On Tuesday, the US announced a drawdown from its Strategic Petroleum Reserve (SPR) while also expressing hope that OPEC+ will continue to add 400,000 barrels per day (BPD) to its monthly production as planned in July. However, while the US administration wants the alliance to pump more oil to help lower high oil and gasoline prices, the group, which Middle Eastern oil producers and Russia dominate. So it can’t do much more than it already is—even if its only goal is to help American consumers pay much lower gasoline prices.
The leading cause is OPEC+ dwindling spare capacity to pump oil, concentrated in just a few large Middle Eastern producers. For months, the OPEC+ group has struggled to meet its total quota since African OPEC+ members have been considerably underperforming due to a lack of spare capacity and investments. The excess capacity, according to analysts, is significantly smaller than government projections.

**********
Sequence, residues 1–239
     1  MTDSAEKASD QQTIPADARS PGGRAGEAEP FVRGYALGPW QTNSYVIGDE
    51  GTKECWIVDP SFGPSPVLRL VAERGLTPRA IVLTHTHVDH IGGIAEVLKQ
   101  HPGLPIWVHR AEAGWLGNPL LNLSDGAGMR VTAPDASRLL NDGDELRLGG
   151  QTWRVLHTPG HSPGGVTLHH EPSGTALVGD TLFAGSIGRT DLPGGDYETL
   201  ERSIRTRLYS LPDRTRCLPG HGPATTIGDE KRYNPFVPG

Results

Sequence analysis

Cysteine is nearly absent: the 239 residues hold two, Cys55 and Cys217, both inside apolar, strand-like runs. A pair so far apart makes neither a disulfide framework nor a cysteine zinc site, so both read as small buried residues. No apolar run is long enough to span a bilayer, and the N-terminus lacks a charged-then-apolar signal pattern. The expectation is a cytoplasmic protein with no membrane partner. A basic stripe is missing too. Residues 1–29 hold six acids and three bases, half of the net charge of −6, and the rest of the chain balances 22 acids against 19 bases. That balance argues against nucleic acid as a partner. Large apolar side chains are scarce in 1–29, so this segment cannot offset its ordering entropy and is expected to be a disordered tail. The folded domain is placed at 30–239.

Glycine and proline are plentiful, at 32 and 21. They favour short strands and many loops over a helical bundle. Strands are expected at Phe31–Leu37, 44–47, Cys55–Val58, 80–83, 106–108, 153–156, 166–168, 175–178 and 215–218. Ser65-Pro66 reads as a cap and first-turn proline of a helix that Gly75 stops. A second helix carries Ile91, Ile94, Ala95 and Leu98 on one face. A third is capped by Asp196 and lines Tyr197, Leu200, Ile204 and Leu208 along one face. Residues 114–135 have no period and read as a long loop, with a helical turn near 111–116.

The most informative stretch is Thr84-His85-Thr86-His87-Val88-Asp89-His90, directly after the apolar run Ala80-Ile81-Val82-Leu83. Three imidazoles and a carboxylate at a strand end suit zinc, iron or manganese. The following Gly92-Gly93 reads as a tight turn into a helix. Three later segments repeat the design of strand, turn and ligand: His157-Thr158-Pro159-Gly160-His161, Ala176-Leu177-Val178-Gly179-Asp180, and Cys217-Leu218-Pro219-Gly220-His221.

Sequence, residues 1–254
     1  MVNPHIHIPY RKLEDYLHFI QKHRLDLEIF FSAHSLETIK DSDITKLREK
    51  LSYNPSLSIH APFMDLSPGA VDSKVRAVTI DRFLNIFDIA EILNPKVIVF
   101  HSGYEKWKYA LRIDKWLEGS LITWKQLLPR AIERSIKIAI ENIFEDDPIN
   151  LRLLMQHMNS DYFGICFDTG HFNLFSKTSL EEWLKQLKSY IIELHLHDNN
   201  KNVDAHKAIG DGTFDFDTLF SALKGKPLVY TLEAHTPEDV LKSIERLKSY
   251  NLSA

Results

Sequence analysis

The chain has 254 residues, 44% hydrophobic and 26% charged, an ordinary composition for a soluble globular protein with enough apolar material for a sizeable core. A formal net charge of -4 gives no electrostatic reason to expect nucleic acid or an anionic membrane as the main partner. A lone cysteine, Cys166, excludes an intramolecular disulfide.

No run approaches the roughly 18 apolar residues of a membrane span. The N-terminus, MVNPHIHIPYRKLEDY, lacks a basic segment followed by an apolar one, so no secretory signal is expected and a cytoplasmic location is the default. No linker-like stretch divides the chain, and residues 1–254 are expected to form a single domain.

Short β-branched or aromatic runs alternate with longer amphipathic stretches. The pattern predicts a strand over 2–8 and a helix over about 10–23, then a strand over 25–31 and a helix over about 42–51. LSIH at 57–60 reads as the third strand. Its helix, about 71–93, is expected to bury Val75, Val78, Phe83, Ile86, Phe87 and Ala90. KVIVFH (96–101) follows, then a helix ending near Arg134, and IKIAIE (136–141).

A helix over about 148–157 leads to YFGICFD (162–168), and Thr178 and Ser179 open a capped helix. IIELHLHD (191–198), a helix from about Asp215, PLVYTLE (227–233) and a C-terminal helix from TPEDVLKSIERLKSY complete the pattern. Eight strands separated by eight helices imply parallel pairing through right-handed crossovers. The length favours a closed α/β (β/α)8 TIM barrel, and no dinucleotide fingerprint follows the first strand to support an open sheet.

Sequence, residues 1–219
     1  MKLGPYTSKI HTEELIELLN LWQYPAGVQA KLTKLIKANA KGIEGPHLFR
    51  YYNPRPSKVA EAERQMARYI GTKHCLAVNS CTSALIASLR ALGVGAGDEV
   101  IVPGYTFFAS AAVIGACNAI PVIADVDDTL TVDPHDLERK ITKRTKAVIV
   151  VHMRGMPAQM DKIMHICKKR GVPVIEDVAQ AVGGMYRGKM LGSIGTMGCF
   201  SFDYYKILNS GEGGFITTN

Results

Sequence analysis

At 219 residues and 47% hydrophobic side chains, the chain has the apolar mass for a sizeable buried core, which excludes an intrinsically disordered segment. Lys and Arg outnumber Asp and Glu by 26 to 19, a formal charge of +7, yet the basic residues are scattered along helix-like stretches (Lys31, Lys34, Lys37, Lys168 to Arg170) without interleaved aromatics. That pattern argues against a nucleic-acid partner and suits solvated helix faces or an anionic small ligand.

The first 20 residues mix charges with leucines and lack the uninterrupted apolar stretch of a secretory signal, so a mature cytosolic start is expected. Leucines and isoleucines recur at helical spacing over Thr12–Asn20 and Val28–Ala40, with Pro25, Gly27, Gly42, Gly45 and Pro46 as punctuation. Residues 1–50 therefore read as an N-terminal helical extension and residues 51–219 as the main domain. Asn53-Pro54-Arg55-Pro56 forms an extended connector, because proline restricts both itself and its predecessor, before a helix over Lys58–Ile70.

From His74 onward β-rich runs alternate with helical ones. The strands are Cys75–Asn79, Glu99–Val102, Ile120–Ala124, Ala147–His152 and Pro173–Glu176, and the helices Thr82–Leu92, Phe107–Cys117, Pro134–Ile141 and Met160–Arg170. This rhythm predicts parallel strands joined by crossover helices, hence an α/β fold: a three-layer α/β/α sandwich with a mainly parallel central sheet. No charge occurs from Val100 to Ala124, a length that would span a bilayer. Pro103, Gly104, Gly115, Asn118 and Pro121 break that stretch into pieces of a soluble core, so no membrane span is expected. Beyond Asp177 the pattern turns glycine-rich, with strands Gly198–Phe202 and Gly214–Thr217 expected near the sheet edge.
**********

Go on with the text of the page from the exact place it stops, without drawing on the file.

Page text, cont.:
Even if OPEC+ heeded the constant requests and coordinated efforts from consuming nations—led by the US—to pump more, the output is unlikely to increase quickly. By keeping spare production capacity at low levels, the market—and oil prices—would be more exposed to supply disruption shocks. The bloc’s extra ability will diminish as output increases. Although supply is predicted to surpass demand, adequate spare capacity might fall below four mb/d by 2Q22, compared to a cushion of 9 mb/d in 1Q21, and be concentrated in only a few Middle Eastern countries.
It also returned to the message it was formed with during the 1970s oil crisis: keep global oil supply reliable to satisfy demand. Global spare capacity is shrinking, emphasizing the need for further expenditures to fulfill orders in the future.